EU: Refugee crisis: latest news from across Europe 19-24.4.18


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Refugee crisis: latest news from across Europe
19-24.4.18
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Keep in touch: Statewatch Observatory: Refugee crisis in the Med and inside the EU: Daily news (updated through the day), commentaries and official documents
Are You Syrious (23.4.18, link)

Fascists Attack Refugees on Lesvos: Feature

"On Sunday night around 200 fascists viciously attacked a group of protesting refugees in Mytilene, Lesvos. The protesters from the Moria camp have been in Sappho Square since an Afghani man died last week after failing to receive needed medical care. The protestors are demanding access to basic human rights, adequate treatment in the camp, and an end to their detention.

At around 8 PM, a large group of fascist people gathered near Sappho Square in Mytilene, ostensibly to hold a “flag ceremony”. It seems likely that this “flag ceremony” was simply a pretext for the assault.(...)

The male refugees formed a circle to protect the women and children who remained in the centre, and also held out blankets to shield them. Those who witnessed the event stated that the fascists made a special effort to target the women and children in the crowd." (...)

The peaceful protesters that were arrested early hours of the morning for sitting in Sappho square, and having rocks and flares fired at them by fascists, have just been released from police custody and have to see lawyers in the morning to see what they have been changed with. The only crime committed here is by fascist and the authorities for not implementing the rule of law - Eric Kempson, long-term volunteer (...)"

An update and Summary of the Moria 35 trial

"The trial of the Moria 35 has begun. Below is a summary from the court proceedings. Today all 7 of the prosecution witnesses made their testimonies

1) Today all the prosecution witnesses made their testimonies. They were 7. Also another 2 didn’t come. All of them are cops and one is firefighter.

2) All the prosecution witnesses didn’t recognize even one from the defendants. Except : the firefighter who recognized three, which as he said, put the fire outside Moria . The judge asked him to spot them. He pointed with his finger to three people. But the persons he pointed at were different from the persons he said in his affidavit!!! All laughed, because he wasn’t able to spot the defendants. Also one cop said that these three people were before the fire at the fights in Moria camp as well.(...)"

Why Journalists Covering the Refugee Crisis Face Moral Injury (Refugees Deeply, link):

"The refugee crisis saw many journalists confronted with trauma and hypocrisy on their home turf. Professor Anthony Feinstein discusses his latest work on the effects on those involved and their wider relevance.(...)

It’s asking different questions compared to previous work in which you fly off to a faraway country and witness things at a distance. Journalists saw things that they felt were morally reprehensible, and this upset them because it was sometimes their friends or their countrymen, or the government, who they faulted for this moral lapse"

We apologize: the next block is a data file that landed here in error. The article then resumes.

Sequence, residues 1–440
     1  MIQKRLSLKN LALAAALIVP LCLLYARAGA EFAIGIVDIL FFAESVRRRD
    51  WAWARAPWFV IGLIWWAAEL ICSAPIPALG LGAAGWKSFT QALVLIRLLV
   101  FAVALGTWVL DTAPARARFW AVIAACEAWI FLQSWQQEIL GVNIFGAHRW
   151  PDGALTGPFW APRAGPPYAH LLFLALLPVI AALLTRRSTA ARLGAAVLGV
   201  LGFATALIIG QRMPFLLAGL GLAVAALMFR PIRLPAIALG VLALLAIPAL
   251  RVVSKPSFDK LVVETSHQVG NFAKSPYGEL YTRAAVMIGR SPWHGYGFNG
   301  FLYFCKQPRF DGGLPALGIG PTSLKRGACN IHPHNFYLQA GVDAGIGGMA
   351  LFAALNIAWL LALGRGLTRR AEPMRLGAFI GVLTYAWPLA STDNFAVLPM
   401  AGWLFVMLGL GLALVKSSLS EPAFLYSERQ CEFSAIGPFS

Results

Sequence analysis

EU: Council of the European Union: Revision of DUBLIN rules

Proposal for a Regulation of the European Parliament and of the Council establishing the criteria and mechanisms for determining the Member State responsible for examining an application for international protection lodged in one of the Member States by a third-country national or a stateless person (recast) (pdf). The Council developing its negotiatiing position which includes:

"discourage abuses and prevent secondary movements of the applicants within the EU, in particular by including clear obligations for applicants to apply in the Member State of first entry and to remain in the Member State that has been determined as responsible under the Dublin list of criteria."

And see: New Dublin: Reversing the Dynamics (LIMITE doc no: 7674-18, pdf) In the second and third phases of a (refugee) "crisis" the European Council takes over:

"The third phase of the mechanism (marked in red in graphic 2) defines the broad parameters that will come into play in the event of a severe crisis. The main responsibilities in this phase lie at the European Council level. Any measures adopted when this level of pressure is reached should be based on political direction from the leaders. As well as the European Council being able to upgrade or prolong some or all of the measures triggered during the previous phases, leaders may also decide upon extraordinary measures, depending on the scope and specific characteristics of the crisis at hand. All measures decided upon by the leaders will be operationalised by the Council and implemented by the Commission and Member States, in line with the directions and guidelines given by the leaders."

Tony Bunyan, Statewatch Director, comments: "A familiar pattern is emerging. Llike in the financial crisis the response to a new "refugee crisis" will lie with the European Council (EU "Leaders"). Responsibility will thus not rest with the Justice and Home Affairs Council, the Commission, the European Parliament or with Member States (and their governments)."

175 illegal Migrants Caught at the Bulgarian Border in March (novinite.com, link)